This, then, may be a story with legs:
Trump’s failures to release his tax returns have hung over his campaign for months. Now, attention on the issue will only intensify. And not just on how he’s the only candidate in 40 years to refuse to release his returns, but also on how he has flip-flopped on the issue. After all, during the primaries he had vowed to eventually release his returns only to back off that promise later. Trump has said he can’t release his returns because he is being audited, but everyone has called him out on that as just plainly false. Expect to hear a lot more about this in the coming weeks.
And then look back:
Context is everything. Maybe Trump could have brushed off this latest bit of news if it weren’t for the fact that it comes at the end of what some are calling the worst week of any presidential campaign in recent memory. It all began with Trump’s terrible performance in the first presidential debate and then continued with him trying to justify the way he treated a former Miss Universe and a 3 a.m. tweetstorm that had a presidential candidate urging voters to check out a “sex tape.” And that’s without mentioning other potentially devastating news that came out this week, such as Newsweek’s revelation that Trump had illegal dealings with Cuba.
Then add that he was ripped to shreds on Saturday Night Live – it was a bad week that ended with the tax story.
Trump does not take these things well:
The New York Times posted its piece on how Donald Trump may not have paid federal income taxes for 18 years just as the Republican presidential candidate took the stage for a rally in Manheim, Pennsylvania. Trump was 102 minutes late to getting the rally started and once he did, the candidate just seemed to find it impossible to stick to the script. Throughout his speech, Trump went off topic several times to lob what may very well be some of the wildest accusations against Hillary Clinton and the American election process in general. And there were also some head-scratching tangents about how Hollywood doesn’t make good movies anymore and praise for the success of the Apprentice.
For the second day in a row, Trump told a mostly white audience that they need to monitor polls in “certain” areas because voter fraud is a really big deal and could cost him the election. “You’ve got to go out, and you’ve got to get your friends, and you’ve got to get everybody you know, and you gotta watch the polling booths, because I hear too many stories about Pennsylvania, certain areas,” Trump said during the speech. “I hear too many bad stories, and we can’t lose an election because of you know what I’m talking about. So, go and vote and then go check out areas because a lot of bad things happen, and we don’t want to lose for that reason.” The warnings over voter fraud are particularly concerning considering they come shortly after Trump suggested he may not accept the results of the election if Clinton wins.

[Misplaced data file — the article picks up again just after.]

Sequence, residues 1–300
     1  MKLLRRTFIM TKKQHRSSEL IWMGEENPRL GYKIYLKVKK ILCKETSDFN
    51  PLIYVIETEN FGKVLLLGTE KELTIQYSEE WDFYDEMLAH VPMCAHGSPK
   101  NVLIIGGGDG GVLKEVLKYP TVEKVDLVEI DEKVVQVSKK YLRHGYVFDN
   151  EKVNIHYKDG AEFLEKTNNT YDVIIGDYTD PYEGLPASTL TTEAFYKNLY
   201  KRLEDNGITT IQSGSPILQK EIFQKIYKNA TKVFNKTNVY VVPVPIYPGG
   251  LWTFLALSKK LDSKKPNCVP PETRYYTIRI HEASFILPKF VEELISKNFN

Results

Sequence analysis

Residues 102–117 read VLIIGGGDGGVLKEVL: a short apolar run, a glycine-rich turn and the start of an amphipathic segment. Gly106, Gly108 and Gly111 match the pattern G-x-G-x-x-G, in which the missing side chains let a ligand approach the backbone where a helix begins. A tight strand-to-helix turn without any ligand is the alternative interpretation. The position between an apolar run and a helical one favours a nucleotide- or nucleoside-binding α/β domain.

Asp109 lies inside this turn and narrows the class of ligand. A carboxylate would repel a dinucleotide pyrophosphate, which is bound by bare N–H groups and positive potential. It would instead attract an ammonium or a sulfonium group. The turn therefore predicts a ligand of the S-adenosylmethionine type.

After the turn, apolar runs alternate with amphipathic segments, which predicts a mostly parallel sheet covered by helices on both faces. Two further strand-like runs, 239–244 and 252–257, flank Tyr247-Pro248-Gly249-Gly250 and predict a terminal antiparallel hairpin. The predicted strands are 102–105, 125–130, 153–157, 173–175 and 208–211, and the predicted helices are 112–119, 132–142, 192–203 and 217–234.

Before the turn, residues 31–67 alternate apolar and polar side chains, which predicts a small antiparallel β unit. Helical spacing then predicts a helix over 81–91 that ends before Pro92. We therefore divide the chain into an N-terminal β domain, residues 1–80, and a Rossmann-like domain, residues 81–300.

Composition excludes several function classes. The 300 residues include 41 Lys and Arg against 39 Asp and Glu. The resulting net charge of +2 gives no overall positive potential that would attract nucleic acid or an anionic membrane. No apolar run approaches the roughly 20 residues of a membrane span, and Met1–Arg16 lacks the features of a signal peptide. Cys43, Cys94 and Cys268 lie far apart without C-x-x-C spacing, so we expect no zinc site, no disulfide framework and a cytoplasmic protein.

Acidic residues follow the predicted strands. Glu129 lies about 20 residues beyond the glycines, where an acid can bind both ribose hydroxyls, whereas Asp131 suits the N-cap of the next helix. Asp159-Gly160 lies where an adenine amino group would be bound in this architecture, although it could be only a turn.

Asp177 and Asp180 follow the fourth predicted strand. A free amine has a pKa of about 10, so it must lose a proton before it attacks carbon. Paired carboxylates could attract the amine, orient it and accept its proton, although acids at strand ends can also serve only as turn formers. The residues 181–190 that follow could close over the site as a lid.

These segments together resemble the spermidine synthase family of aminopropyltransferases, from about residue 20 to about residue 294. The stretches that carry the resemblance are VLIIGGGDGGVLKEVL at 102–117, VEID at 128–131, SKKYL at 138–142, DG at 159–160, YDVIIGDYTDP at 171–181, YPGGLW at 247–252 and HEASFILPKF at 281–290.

There’s that, and the thought of Trump folks showing up at “black” polling places fully armed, in open-carry states, and eyeing everyone who enters, with their fingers on the trigger. Still, scare off enough of those people and you win. That’s a bit nasty, but would probably be fairly effective, in a third-world kind of way – unless those voters bring guns too. Then things would turn interesting.
There was some logic to that, but this was just odd:
At one point, Trump said Clinton did the bidding of her donors and gave away jobs of Pennsylvanians but people probably don’t realize it, and, hey aren’t movies awful these days? “You’re unsuspecting,” Trump said. “Right now, you say to your wife: ‘Let’s go to a movie after Trump.’ But you won’t do that because you’ll be so high and so excited that no movie is going to satisfy you. Okay? No movie. You know why? Honestly? Because they don’t make movies like they used to – is that right?”
That seemed to be the perfect moment for Trump to talk about another aspect of the entertainment industry: himself. “Oh, I could be doing the Apprentice right now,” Trump said. “I loved it – 14 seasons. How good was that? Tremendous success. They wanted to extend – I could be doing the Apprentice now. Somehow I think this is a little bit more important. Do we agree? Just a little bit?”
Go ahead. Try to make sense of that. It appeared he was losing it, and projecting: